sitting in a midtown synagogue on Saturday morning, staring at the Torah in its glistening portal, I think about how my grandparents might have reacted to the police officer stationed at the front door of their beloved temple.Armed protection for a simple shabbos service in one of the globe's more obscure cities. Such are the times. The world has shrunk to a fragment of itself, and Kandahar suddenly casts its shadow on Bathurst Street.
Such are the times as well that the godly search for scriptural endorsement of their martial impulses. That's what the seemingly gentle rabbi is doing on this chilly October morning. This is a traditionally liberal congregation and I'm expecting some expression of spiritual unease about the bombing of suffering Afghans, perhaps some faint wishes for a far-off reconciliation between Palestinians and Israelis, some hand-wringing about our threatened humanity.
I'm not prepared for theological hawkishness. He scolds faint hearts for their ambivalent "yes, but" support for the American war and declares himself against "appeasement." He doesn't want pressure put on Israel to make peace with the Palestinians to save the U.S. coalition. He chastises religious and political leaders for being so interested in making local Muslims comfortable that they have forgotten to worry about Jews hunkered down in their Mediterranean homeland and in well-guarded Toronto institutions.
I take a deep breath. He is frightened; the Jewish community is frightened. The first casualty is cause and effect.
Across the ocean and then some, a government conjuring ancient Jewish entitlement is militarily occupying an imprisoned people and unleashing a fury from hell. And the good rabbi here doesn't seem to notice. He sees only one kind of Palestinian -- a Hamas kamikaze whom he likens with good reason to the perpetrators of September 11. It seems to have escaped him that collective punishment, whether by Islamic extremists or Israeli fundamentalists, is a war crime, or that 200,000 Israeli settlers are holding a whole world hostage.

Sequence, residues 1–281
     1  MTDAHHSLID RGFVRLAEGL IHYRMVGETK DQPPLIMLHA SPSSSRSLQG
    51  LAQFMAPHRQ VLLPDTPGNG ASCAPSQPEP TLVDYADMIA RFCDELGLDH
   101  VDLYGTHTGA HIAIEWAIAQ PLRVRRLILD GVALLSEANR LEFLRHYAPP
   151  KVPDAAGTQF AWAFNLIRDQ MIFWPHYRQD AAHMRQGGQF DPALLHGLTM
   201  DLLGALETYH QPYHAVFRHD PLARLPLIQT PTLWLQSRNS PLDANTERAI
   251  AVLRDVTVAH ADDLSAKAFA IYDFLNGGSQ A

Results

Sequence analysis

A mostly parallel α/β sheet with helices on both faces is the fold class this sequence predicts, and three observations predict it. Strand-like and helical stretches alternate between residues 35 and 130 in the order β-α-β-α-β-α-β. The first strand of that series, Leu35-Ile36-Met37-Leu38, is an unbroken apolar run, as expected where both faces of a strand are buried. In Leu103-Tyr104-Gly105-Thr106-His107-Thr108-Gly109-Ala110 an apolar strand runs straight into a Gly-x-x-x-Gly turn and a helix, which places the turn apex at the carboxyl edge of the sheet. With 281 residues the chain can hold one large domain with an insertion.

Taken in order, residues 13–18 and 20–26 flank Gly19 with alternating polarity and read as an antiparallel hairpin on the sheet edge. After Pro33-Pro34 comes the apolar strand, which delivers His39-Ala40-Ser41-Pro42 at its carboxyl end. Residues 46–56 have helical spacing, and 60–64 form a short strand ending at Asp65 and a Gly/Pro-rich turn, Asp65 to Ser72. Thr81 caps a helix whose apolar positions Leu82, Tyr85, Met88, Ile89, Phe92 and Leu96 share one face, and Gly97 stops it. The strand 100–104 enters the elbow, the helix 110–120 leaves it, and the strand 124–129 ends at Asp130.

Jewishness is an ethnicity; military occupation is a political deed. Why does one get mistaken for the other? Why do Jewish leaders fuse them? Sitting here with geopolitical doom descending on me, I know why "Not in my name" has become the new chant of reconciliation Jews.
We look for enchanted moments in the midst of the inferno. Last month an Israeli performance artist, Liad Kantalovich, told a crowd at the Quaker house how she takes her anti-occupation marching band into the West Bank and diverts stone-throwing youngsters. Next month a quilt made of patches expressing the peace visions of Palestinians and Jews, sponsored by Palestine House and Jewish Women Against the Occupation, arrives. Sweet, simple -- oh so naive. At this moment I'm afraid it's all we have.